Boosting daily nut consumption linked to less weight gain and lower obesity risk. Substituting half a daily serving of unhealthy foods with nuts may help stave off gradual weight gain, say researchers.
Increasing nut consumption by just half a serving (14 g or ½ oz) a day is linked to less weight gain and a lower risk of obesity, suggests a large, long term observational study, published in the online journal BMJ Nutrition, Prevention & Health.
Substituting unhealthy foods, such as processed meats, French fries, and crisps (potato chips) with a half a serving of nuts may be a simple strategy to ward off the gradual weight gain that often accompanies the aging process, suggest the researchers.
On average, US adults pile on 1lb or nearly half a kilo every year. Gaining 2.5-10 kilos in weight is linked to a significantly greater risk of heart disease/stroke and diabetes.
Nuts are rich in healthy unsaturated fats, vitamins, minerals and fiber, but they are calorie-dense, so often not thought of as good for weight control. But emerging evidence suggests that the quality of what’s eaten may be as important as the quantity.
Amid modest increases in average nut consumption in the US over the past two decades, the researchers wanted to find out if these changes might affect weight control.
They analysed information on weight, diet and physical activity in three groups of people: 51,529 male health professionals, aged 40 to 75 when enrolled in the Health Professionals Follow Up Study; 121,700 nurses, aged 35 to 55 when recruited to the Nurses Health Study (NHS); and 116,686 nurses, aged 24 to 44 when enrolled in the Nurses Health Study II (NHS II).
Over more than 20 years of monitoring, participants were asked every 4 years to state their weight, and how often, over the preceding year they had eaten a serving (28 g or 1 oz) of nuts, including peanuts and peanut butter.
Average weekly exercise– walking, jogging, cycling, swimming, racquet sports and gardening–was assessed every two years by questionnaire. It was measured in metabolic equivalent of task (MET) hours, which express how much energy (calories) is expended per hour of physical activity.
Average annual weight gain across all three groups was 0.32 kg (0.71 lb). Between 1986 and 2010, total nut consumption rose from a quarter to just under half a serving/day in men; and from 0.15 to 0.31 servings/day among the women in the NHS study. Between 1991 and 2011 total daily nut consumption rose from 0.07 to 0.31 servings among women in the NHS II study.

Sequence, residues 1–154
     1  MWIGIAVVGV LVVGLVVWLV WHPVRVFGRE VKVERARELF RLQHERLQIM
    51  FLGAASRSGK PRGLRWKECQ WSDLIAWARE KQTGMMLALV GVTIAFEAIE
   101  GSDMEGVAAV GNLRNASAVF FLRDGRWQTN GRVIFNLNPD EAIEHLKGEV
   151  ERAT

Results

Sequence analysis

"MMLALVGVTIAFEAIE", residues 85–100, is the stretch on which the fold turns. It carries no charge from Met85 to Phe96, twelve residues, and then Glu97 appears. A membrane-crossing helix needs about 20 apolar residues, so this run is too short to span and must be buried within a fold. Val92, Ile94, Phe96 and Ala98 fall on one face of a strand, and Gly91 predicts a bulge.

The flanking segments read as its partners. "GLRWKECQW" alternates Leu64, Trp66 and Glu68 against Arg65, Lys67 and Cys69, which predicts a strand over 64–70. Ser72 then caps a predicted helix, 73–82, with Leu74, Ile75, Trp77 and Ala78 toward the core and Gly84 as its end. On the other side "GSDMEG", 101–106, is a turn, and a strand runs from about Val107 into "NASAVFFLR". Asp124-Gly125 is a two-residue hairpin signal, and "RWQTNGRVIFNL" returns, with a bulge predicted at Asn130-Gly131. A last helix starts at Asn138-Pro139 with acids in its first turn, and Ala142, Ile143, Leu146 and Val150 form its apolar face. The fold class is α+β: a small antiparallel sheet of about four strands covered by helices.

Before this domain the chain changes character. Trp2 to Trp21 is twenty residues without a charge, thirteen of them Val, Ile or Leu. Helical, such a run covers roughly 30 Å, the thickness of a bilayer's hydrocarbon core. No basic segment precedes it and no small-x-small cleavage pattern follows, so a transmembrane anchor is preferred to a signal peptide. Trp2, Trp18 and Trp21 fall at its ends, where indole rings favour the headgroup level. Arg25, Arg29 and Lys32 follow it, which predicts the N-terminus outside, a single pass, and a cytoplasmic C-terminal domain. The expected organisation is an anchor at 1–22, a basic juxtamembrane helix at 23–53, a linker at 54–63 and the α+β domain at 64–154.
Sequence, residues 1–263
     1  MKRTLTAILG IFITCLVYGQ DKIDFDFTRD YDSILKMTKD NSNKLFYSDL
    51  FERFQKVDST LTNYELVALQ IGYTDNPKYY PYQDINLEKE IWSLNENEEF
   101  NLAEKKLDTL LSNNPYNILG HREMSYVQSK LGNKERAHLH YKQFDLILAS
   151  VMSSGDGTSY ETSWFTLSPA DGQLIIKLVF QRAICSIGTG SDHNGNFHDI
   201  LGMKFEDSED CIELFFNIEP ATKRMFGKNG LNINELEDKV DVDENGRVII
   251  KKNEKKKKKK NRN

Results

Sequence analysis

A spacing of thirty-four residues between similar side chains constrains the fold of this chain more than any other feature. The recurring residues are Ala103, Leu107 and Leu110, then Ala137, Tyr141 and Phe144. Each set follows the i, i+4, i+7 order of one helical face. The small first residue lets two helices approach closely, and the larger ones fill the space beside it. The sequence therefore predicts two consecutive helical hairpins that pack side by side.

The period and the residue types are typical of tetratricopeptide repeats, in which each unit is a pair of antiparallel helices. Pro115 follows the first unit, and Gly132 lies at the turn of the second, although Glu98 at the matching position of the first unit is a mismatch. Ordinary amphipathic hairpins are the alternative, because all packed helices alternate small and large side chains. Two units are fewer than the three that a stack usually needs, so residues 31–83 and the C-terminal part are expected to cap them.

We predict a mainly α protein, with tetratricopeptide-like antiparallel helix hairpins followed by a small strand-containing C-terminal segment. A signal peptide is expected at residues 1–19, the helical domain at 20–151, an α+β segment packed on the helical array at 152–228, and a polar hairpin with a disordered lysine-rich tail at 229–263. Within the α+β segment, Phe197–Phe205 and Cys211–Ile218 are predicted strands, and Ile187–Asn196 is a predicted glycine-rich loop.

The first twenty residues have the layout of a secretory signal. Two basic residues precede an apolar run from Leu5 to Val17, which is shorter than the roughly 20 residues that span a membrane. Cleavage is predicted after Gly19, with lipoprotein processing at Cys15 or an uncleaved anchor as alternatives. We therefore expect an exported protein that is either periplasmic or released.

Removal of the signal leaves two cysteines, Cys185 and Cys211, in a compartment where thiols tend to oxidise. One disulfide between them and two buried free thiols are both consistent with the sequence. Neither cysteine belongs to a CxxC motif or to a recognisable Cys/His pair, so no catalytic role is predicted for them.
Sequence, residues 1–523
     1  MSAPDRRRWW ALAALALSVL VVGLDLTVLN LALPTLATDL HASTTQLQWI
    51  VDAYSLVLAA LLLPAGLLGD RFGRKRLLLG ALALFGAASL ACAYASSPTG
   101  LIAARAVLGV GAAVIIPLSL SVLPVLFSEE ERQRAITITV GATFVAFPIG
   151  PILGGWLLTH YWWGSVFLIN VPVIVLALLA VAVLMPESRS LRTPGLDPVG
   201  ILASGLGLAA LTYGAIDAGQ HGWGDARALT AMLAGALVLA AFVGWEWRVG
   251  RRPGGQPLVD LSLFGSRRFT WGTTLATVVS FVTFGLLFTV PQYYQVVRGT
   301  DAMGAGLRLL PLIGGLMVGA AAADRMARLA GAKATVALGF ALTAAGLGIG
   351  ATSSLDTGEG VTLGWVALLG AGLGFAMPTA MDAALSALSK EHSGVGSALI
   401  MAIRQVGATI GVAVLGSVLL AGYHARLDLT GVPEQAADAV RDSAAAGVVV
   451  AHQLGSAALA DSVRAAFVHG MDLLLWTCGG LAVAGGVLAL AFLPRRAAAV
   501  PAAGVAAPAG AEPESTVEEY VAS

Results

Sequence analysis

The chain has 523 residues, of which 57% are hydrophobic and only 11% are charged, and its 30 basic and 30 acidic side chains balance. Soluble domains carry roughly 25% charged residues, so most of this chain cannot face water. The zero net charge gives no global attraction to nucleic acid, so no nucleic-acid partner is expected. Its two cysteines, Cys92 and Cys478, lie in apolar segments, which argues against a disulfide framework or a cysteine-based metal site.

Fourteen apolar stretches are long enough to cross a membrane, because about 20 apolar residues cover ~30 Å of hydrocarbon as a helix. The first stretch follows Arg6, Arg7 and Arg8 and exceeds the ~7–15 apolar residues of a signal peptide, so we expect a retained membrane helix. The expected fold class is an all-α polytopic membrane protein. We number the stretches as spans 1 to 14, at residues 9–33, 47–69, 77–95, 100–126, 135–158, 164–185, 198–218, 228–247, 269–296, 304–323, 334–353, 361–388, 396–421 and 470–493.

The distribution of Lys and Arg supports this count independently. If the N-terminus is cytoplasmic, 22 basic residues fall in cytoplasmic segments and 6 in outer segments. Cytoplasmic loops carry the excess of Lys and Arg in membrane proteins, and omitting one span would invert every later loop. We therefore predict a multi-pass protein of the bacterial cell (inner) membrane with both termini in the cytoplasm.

Increasing consumption of any type of nut was associated with less long term weight gain and a lower risk of becoming obese (BMI of 30 or more kg/m²), overall.
Increasing nut consumption by half a serving a day was associated with a lower risk of putting on 2 or more kilos over any 4 year period. And a daily half serving increase in walnut consumption was associated with a 15% lower risk of obesity.
Substituting processed meats, refined grains, or desserts, including chocolates, pastries, pies and donuts, for half a serving of nuts was associated with staving off weight gain of between 0.41 and 0.70 kg in any 4 year period.
Within any 4 year period, upping daily nut consumption from none to at least half a serving was associated with staving off 0.74 kg in weight, a lower risk of moderate weight gain, and a 16% lower risk of obesity, compared with not eating any nuts.
And a consistently higher nut intake of at least half a serving a day was associated with a 23% lower risk of putting on 5 or more kilos and of becoming obese over the same timeframe.
No such associations were observed for increases in peanut butter intake.
The findings held true after taking account of changes in diet and lifestyle, such as exercise and alcohol intake.
This is an observational study, and as such, can’t establish cause. And the data relied on personal report, which may have affected accuracy, while only white, relatively affluent health professionals were included, so the findings may not be more widely applicable.
But the findings echo those of previous observational studies, note the researchers, who attempt to explain the associations they found.
Chewing nuts takes some effort, leaving less energy for eating other things, they suggest, while the high fiber content of nuts can delay stomach emptying so making a person feel sated and full for longer.
Nut fiber also binds well to fats in the gut, meaning that more calories are excreted. And there is some evidence that the high unsaturated fat content of nuts increases resting energy expenditure, which may also help to stave off weight gain.
Snacking on a handful of nuts rather than biscuits or crisps may help to ward off the weight gain that often accompanies aging and is a relatively manageable way of helping to curb the onset of obesity, they suggest.
And a nut habit is likely to be good for the planet, they add. “In addition to the impact on human health, using environmentally friendly plant-based protein, such as nuts and seeds to replace animal sources of protein may contribute to the promotion of a global sustainable food system,” they write.
Reference: “Changes in nut consumption influence long-term weight change in US men and women” by Xiaoran Liu, Yanping Li, Marta Guasch-Ferré, Walter C Willett, Jean-Philippe Drouin-Chartier, Shilpa N Bhupathiraju and Deirdre K Tobias, 23 September 2019, BMJ Nutrition, Prevention & Health.